1.01.06 - Ecology and silviculture of oak
Mixed species forests: Risks, Resilience and Management - Book of Abstract
Lund, Sweden. Units involved: 1.01.06, 1.01.10, 1.09.00, 7.03.00, 8.02.01.
Mixed forests are strategic means of adapting forest management to climate change. Higher tree species diversity is expected to provide higher productivity, higher temporal stability, lower risk of biotic and abiotic disturbances and a more diverse portfolio of ecosystem services from forests. Although the knowledge base concerning the ecology of mixed forests has increased during the last decades, almost all forest research has been conducted in monocultures. As a result, there is a lack of knowledge about how to design and manage mixed forests, to sustain production and carbon sequestration, and mitigate abiotic and biotic risks. It is our expectation that this conference will be an arena for discussion and communication between researchers from different disciplines, and also between managers and policy makers. Our main objective is thus to communicate the state-of-the-art scientific knowledge in various fields connected to both mixed forest functioning and management.
Although the conference had to be cancelled due to the COVID-19 outbreak, a Book of Abstracts was published.
The working goal of this unit is to link the scientific knowledge in ecology and silviculture of oak species and forests around the world to management and conservation practices in the field. We promote international cooperation between research groups, forest services, non-government organizations and private forest owners working with oaks.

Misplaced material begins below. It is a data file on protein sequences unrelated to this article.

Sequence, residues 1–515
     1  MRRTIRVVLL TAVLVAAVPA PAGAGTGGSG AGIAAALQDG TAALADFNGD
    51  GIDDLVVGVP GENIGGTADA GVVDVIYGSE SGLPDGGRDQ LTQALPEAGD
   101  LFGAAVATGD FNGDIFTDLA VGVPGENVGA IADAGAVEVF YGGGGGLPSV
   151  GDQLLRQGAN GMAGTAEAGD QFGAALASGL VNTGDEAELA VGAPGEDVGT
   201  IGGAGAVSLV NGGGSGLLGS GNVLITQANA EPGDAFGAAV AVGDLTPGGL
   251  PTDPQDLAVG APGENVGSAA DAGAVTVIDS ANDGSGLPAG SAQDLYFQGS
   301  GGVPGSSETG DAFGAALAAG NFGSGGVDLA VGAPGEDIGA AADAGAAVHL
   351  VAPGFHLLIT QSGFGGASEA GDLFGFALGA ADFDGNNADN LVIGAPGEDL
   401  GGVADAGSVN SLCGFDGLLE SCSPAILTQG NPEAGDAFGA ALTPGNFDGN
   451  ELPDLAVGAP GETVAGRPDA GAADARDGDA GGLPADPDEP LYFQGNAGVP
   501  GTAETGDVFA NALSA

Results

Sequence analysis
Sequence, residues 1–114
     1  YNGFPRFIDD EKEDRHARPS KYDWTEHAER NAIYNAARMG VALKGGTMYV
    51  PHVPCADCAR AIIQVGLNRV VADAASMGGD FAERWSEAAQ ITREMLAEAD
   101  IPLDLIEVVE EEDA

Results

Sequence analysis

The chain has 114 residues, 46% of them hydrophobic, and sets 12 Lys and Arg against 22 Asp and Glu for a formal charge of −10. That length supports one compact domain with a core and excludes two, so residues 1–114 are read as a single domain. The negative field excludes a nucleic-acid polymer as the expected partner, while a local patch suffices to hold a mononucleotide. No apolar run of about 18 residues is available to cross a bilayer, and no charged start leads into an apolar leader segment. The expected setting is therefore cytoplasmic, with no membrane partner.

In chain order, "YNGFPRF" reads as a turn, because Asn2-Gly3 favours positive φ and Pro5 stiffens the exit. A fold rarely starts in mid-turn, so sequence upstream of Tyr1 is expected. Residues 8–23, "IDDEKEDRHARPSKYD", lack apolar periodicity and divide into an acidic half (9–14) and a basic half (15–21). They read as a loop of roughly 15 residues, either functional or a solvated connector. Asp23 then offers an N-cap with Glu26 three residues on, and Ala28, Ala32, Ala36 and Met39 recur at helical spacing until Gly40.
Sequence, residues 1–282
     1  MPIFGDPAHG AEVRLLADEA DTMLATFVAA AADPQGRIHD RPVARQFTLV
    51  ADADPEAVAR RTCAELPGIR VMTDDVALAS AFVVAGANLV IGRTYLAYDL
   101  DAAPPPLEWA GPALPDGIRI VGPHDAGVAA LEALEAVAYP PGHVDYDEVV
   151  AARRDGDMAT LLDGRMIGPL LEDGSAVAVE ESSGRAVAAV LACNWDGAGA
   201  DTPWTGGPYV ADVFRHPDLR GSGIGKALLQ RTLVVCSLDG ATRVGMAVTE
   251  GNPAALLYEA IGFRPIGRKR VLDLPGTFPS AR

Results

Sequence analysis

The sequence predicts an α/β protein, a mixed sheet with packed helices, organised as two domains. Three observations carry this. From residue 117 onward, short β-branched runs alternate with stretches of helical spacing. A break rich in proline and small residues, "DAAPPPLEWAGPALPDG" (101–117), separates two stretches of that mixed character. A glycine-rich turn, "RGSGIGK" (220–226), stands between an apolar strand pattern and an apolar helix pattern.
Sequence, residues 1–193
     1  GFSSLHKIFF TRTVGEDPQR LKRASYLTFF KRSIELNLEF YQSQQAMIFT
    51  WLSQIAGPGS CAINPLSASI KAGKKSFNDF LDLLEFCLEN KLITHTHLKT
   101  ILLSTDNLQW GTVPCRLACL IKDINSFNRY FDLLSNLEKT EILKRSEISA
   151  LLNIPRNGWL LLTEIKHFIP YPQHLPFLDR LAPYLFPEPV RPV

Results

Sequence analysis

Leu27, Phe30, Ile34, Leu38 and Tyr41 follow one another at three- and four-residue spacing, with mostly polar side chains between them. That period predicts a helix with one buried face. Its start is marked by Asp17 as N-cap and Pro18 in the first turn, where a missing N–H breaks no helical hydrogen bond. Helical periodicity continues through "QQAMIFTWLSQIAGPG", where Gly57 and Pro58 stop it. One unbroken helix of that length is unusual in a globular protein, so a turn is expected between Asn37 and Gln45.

State of Knowledge
There are nearly 600 species in the oak genus. These come from temperate regions of the Americas to Eurasia, as well as in hilly terrain of subtropical and tropical areas of Central America to Asia. Oaks can be found from the arid regions of the Nevada, USA and Iran to the cold humid tropics in Vietnam. This wide geographic distribution in oaks is attributed to a high diversity in life form ranging from shrubs to giant trees. Oaks are natural components of many temperate broadleaved forests and play an important role in the maintenance of biodiversity. For example, an old English oak (Quercus robur L.) can harbour nearly 500 species of flora and fauna. Oaks also have high economic- and cultural value. For example, in many countries oaks are managed for high quality timber, firewood, wine barrels, truffles, building materials, mushrooms, cork, fodder production etc. The high cultural value of oaks has led 16 nations to select them as their national tree. Major global challenges in the conservation and management of oak forests include fostering natural regeneration of oaks and tackling their decline due to increasing pathogen outbreaks, drought and uncontrolled exploitation of native oak woods. Due to the high cultural and economic interest in oaks in Europe and North America, a relatively large body of research had been conducted on the major oak species in these two continents. However, significant knowledge gaps still persist on successful regeneration, tree pathology and management of oaks in temperate regions. This will become even more challenging under a warmer climate. In contrast to temperate regions, oaks in the tropics and subtropics are not well studied. In Asia and Central America, natural habitats of oaks are rapidly dwindling, which warrants urgent research on the ecology, silviculture, management and conservation of subtropical and tropical oaks. This unit aims to build up a research network to promote oak research and extension activities in temperate, subtropical and tropical regions by organizing regular workshops throughout the world.